Proposed amendments to the Maryland Economic Development code appear to expand a pool of capital available for eligible businesses and eligible local governments. SB 67, pre-filed last October by Maryland senate committee chairman Thomas Middleton changes the name of the Maryland Economic Development Assistance Fund to the Advantage Maryland Fund.

In addition to the fund’s name change, SB 67 proposes lifting the maximum amount for local economic development project assistance from $2 million to $5 million. Recipients of this type of funding may include an individual, private business, a non-profit entity, or a corporation. Assistance may take the form of a grant, loan, or an investment.

Local governments seeking assistance in the form of grants, loans, or investment will see the cap on funding increase from $3 million to $5 million.

As written, SB 67 introduces some uncertainty as to the amount of interest the fund will charge on loans. The bill eliminates Section 5-325 (c)(1) through (e)(4) addressing particular levels of interest rates that are assessed depending on the type of project or loan recipient. Those sections are replaced with language reiterating that the Maryland Department of Commerce shall determine the payment terms of loans as well as the amount of interest assessed. The amendment also provides the Department the authority to assess a zero interest rate on loans and that for defaulters, the Department may impose a default interest rate.

In my opinion, Maryland, like the rest of the country, is entering a 2018 that promises rising interest rates. The Federal Reserve has signaled three more increases of its intrabank lending rate. The massive tax cuts approved by Congress this week with President Trump’s signing-off on tax legislation expected shortly will put upward pressure on rates as the federal government will no doubt enter the debt markets to borrow additional money at higher rates. I doubt if the Maryland Department of Commerce will authorize a zero interest rate on loans. In addition, project managers approaching the Fund for assistance may have to be extra persuasive when arguing that their projects will provide positive returns on investment and the creation of jobs.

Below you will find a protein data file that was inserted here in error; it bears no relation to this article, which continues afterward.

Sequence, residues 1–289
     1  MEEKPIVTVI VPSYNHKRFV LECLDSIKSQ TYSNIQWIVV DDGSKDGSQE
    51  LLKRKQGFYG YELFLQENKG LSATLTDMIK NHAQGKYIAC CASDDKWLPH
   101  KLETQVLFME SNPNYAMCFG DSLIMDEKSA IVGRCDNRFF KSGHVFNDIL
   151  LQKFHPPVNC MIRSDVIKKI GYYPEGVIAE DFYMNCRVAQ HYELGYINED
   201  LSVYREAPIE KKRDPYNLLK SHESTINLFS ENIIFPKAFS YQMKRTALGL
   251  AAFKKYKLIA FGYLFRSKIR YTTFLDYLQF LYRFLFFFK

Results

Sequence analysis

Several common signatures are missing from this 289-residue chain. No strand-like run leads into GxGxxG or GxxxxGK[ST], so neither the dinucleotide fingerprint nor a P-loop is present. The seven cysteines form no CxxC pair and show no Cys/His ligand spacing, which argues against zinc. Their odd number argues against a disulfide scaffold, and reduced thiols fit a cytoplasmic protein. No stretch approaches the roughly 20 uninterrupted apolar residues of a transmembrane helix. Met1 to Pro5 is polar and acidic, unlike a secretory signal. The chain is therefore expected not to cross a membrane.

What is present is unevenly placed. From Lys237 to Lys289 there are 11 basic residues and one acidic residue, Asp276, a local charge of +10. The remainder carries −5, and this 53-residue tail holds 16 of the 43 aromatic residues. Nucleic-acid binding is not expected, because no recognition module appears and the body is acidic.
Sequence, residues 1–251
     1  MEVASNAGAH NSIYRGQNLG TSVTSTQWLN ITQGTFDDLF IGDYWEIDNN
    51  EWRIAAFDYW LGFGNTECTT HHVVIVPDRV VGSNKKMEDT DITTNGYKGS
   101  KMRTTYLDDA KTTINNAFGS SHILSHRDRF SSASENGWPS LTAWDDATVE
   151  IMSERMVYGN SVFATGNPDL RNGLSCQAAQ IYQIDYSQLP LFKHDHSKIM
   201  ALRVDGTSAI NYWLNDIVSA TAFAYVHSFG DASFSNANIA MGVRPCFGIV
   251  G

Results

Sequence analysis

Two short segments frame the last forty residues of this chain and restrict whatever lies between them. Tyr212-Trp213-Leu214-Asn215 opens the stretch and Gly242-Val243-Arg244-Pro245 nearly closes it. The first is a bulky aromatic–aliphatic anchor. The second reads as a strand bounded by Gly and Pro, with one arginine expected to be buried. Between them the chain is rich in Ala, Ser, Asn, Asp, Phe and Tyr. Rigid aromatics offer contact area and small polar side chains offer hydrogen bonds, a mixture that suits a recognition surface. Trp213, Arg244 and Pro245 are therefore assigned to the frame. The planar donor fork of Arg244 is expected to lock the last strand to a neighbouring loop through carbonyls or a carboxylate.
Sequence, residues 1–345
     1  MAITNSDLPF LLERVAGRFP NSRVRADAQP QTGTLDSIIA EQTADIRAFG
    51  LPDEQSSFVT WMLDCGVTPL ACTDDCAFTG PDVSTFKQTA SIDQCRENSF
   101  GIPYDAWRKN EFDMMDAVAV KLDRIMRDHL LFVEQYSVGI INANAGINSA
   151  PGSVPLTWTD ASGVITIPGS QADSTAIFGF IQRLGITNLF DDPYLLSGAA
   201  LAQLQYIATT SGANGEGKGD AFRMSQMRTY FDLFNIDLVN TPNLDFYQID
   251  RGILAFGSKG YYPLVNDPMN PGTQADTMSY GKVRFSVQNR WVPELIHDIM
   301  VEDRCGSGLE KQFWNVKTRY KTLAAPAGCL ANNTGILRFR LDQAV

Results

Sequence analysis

Social media: Scourge of and escapism for Black America

Last week after ten years I gave Facebook the heave-ho. A friend from college sent me the invite to join back in 2007. I recall saying to him, “Kevin. Aren’t we too old for this bulletin board shit?” He responded that it appeared to be a great platform for keeping up with his kids. I said to myself that using it to keep in touch with my nieces seemed like a good idea. So I joined.

During that ten year period I connected online with interesting new people, high school and law school classmates. I have been fortunate to reconnect with family members and meet cousins on both sides of the family. In some ways it strengthened the ties within the lineages and helped drive home the importance of the tribe.